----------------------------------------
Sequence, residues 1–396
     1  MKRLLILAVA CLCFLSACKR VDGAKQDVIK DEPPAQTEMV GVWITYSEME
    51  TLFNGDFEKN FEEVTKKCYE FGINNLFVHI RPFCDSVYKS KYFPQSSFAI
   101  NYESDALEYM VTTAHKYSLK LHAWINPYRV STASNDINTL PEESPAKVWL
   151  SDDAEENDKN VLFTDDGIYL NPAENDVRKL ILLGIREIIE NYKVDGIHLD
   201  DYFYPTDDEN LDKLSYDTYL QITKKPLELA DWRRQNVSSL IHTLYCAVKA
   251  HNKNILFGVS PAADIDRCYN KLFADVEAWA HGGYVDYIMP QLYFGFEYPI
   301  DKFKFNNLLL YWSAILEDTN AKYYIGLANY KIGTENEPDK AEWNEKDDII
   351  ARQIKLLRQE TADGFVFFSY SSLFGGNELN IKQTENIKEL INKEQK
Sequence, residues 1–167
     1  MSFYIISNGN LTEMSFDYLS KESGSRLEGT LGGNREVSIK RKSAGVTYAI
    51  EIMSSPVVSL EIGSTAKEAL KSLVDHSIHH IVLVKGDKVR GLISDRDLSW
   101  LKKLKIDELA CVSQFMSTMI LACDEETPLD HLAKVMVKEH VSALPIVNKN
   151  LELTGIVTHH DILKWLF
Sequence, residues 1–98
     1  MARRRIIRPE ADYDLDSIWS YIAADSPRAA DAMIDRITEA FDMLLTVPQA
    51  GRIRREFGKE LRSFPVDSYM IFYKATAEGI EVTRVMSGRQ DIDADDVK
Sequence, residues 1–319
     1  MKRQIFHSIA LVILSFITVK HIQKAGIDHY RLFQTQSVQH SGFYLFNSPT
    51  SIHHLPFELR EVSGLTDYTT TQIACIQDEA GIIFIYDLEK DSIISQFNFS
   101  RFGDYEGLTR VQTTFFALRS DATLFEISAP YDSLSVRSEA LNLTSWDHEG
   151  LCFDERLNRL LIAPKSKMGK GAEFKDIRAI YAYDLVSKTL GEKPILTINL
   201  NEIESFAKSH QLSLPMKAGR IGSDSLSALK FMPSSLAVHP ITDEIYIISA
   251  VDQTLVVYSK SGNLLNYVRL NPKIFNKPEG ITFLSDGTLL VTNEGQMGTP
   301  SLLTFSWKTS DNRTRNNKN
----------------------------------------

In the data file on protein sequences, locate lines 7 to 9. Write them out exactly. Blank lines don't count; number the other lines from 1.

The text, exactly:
   251  HNKNILFGVS PAADIDRCYN KLFADVEAWA HGGYVDYIMP QLYFGFEYPI
   301  DKFKFNNLLL YWSAILEDTN AKYYIGLANY KIGTENEPDK AEWNEKDDII
   351  ARQIKLLRQE TADGFVFFSY SSLFGGNELN IKQTENIKEL INKEQK